In this precinct of Los Angeles, the cops like to work hard and play hard, but they'd prefer to play hard if given the choice. They assemble for roll call this morning, a bunch of policemen terminally unimpressed with their superiors who let off steam by playing pranks on each other, as today when Tanaguchi (Clyde Kusatsu) had been at a Bela Lugosi marathon the previous night and shows up not answering to any name but Count Dracula and with a pair of plastic fangs in his mouth. But not everyone is there to fool around: "Spermwhale" Whalen (Charles Durning) knows he has six months to go before he can give up the patrol and retire with a full pension, and doesn't wish to jeopardise that.
Joseph Wambaugh knew of what he wrote when he penned The Choirboys as he had been on the force as one of Los Angeles' finest for some years before he became an author of novels on that theme, both fictional (though still inspired by his experiences) and non-fictional, like The Onion Field which arrived in a cinema version a short time after this, a project he had overseen personally. Why was he so hands on with that and The Black Marble, another one of his adaptations from the same time? It was all down to the quality of what director Robert Aldrich had conjured up, which was widely judged to be a travesty and utter misreading of the source. Wambaugh was stung, and didn't wish to feel that way again.
At a time when it seems it's mostly Young Adult novels that studios are lining up to adapt, it was educational to remember an era when it was popular crime novels which were the preferred material to make into star vehicles and thrillers. By the nineteen-seventies, what was allowable on the page was seeing the movies catching up, hence some bright spark thought the notoriously extreme (in language and situations) Wambaugh bestseller was ideal for a movie, and with this director, a man who was as much known for his tough themes as he was his way with suspense and thrills, it might have seemed it was going to turn out fine. However, for a start films on crude subject matter do not do well with the critical community, and for a finish the audience was in agreement.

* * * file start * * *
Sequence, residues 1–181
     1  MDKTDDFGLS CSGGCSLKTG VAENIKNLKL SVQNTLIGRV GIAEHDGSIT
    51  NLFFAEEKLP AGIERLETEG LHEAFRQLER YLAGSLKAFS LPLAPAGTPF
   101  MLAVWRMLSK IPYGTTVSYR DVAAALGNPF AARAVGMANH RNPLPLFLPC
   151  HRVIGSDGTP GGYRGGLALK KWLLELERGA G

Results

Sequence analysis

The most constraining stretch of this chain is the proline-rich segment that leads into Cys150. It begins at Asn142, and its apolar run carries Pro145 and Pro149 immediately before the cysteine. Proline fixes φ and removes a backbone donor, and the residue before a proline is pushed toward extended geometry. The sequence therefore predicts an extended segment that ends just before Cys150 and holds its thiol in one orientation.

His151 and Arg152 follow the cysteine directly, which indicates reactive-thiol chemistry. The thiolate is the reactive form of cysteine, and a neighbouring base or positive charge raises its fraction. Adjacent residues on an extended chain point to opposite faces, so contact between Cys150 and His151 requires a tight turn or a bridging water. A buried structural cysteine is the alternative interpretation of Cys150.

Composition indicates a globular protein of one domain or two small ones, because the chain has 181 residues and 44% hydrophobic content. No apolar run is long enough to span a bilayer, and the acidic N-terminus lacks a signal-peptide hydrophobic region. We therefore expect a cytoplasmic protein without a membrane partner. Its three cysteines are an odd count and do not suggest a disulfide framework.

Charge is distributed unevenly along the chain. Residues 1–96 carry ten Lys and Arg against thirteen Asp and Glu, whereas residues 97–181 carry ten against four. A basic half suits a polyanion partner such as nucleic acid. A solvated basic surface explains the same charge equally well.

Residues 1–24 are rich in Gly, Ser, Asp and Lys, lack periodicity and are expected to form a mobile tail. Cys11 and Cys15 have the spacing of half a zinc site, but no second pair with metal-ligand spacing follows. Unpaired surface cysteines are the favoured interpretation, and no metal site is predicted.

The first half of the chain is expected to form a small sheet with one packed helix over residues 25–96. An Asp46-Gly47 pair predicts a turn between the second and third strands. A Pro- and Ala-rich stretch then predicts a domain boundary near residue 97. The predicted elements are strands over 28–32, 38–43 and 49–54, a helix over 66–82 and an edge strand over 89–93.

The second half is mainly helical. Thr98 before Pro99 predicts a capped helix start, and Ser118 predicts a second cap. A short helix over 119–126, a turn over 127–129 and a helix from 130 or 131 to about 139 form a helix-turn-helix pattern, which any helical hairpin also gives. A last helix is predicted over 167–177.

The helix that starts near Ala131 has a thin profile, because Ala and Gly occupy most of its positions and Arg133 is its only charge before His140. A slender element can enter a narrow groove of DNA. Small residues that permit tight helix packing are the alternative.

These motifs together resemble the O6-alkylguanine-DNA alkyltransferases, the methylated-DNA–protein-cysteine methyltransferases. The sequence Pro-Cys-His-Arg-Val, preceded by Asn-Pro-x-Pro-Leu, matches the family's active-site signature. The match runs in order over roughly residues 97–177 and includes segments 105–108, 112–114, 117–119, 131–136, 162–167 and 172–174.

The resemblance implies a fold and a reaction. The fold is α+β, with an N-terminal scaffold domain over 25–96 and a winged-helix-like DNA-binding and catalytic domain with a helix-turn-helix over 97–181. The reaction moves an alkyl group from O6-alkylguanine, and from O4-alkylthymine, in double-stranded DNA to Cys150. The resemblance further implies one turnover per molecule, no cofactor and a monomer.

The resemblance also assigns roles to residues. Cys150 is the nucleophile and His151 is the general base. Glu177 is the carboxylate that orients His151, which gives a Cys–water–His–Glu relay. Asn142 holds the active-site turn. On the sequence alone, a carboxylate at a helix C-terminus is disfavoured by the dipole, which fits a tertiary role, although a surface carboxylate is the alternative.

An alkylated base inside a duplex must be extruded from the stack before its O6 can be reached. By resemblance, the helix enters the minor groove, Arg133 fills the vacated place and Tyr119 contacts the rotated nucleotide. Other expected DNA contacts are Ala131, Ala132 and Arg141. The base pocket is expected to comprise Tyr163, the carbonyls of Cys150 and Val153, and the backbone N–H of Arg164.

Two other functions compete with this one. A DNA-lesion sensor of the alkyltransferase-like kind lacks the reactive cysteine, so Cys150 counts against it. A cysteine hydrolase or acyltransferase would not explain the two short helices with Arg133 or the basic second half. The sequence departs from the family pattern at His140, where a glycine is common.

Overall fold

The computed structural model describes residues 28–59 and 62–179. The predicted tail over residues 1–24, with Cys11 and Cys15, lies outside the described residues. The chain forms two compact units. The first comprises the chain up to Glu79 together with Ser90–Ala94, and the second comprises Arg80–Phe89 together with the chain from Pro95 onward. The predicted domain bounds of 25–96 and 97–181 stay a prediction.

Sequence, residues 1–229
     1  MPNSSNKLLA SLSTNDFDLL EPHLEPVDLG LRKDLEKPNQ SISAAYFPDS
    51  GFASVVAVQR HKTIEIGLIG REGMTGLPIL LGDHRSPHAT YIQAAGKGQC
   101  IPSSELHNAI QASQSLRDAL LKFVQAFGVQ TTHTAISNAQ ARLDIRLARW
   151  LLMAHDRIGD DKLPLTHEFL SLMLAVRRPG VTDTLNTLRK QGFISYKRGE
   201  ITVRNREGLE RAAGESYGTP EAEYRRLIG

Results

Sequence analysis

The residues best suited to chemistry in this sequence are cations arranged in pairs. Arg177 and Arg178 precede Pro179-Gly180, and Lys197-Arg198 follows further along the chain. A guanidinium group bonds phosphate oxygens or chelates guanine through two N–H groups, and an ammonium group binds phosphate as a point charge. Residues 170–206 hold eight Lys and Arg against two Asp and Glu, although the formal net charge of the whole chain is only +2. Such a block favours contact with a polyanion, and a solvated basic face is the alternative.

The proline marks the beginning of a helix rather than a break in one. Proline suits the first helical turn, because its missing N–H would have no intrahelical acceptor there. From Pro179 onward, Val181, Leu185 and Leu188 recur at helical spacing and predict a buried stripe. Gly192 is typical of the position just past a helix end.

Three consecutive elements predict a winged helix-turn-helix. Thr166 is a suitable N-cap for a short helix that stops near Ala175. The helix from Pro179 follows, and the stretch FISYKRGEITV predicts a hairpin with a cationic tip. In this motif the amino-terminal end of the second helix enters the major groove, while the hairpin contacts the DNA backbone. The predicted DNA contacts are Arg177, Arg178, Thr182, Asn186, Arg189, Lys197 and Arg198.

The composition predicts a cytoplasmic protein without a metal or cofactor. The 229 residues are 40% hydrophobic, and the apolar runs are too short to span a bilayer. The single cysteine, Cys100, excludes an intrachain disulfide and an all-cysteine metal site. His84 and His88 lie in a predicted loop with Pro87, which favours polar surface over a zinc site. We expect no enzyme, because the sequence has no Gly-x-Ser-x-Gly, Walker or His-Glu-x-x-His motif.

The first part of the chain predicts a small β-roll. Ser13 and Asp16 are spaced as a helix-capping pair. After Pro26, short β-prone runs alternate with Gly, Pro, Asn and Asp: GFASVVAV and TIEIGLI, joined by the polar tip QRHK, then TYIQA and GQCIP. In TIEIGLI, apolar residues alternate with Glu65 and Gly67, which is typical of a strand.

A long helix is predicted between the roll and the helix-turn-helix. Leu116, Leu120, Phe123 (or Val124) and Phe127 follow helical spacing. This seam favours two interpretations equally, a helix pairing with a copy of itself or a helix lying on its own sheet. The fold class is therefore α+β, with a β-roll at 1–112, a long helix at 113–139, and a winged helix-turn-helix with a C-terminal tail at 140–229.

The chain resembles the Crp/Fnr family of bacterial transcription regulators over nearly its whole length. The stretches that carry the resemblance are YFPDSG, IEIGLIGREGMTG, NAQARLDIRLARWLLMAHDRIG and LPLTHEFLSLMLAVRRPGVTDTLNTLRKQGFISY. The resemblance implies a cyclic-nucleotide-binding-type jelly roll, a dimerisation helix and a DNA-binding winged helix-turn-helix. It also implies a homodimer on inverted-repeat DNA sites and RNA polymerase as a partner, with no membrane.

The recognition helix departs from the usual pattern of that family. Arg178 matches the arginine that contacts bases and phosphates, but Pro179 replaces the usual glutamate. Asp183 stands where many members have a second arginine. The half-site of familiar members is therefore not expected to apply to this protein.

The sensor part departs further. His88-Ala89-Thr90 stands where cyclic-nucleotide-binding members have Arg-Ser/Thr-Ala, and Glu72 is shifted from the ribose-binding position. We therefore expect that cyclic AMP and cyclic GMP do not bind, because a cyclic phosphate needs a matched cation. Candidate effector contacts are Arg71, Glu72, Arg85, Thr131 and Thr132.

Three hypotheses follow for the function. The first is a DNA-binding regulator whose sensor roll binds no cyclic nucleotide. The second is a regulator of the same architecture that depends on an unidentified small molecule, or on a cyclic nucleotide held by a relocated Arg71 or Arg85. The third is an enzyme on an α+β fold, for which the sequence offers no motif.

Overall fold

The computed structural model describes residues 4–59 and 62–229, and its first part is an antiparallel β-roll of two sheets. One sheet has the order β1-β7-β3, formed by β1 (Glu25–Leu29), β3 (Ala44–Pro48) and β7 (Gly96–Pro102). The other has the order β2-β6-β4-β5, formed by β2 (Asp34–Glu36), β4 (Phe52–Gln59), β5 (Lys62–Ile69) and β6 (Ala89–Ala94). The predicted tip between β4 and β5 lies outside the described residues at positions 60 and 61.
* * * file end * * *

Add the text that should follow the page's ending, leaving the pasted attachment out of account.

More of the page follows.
Of course, come the eighties and this sort of hijinks-packed comedy was filling out the cinemas and The Choirboys might have been ahead of its time, but in truth if you'd read the novel you'd see why the film had so few fans. By emphasising the lewd and leery behaviour of the cops without showing what they were reacting against as happened on the page, it was simply one poorly staged sketch after another, with the odd "serious" bit which stuck out like a sore thumb since they might as well have been parachuted in from a different movie. In Wambaugh's text there was a sense of trying to understand what looked impossible to understand from an outsider's point of view, yet achieving that through sympathy and making it clear just how unendurable the lives depicted could easily have been.
Indeed, in the novel you're well aware the stories are all leading up to an ultimate tragedy as the author keeps reminding you of it, not something that occurred here as it was more gleefully caught up in bits where one cop lies under a glass coffee table while his female colleague unwittingly sits on it without underwear on, or the bit where another is handcuffed bottomless to a tree in the park the cops hang out, and a swishy homosexual stereotype (walking a pink poodle) happens upon him and can't believe his luck. What was missing were the accounts of the disturbing scenes from Wambaugh that haunt the men in the line of duty, so for this you had one long party of pranks and japes until it abruptly goes horribly wrong in the last fifteen minutes, a crunching gear change that they don't have the courage to even stick with, inventing a happy ending with Durning giving Louis Gossett Jr five in a freeze frame. To be fair, it's difficult to see how even these days Wambaugh's tricky material could have been successfully translated, so all you had was an impressive cast adrift. Inappropriate music by Frank De Vol.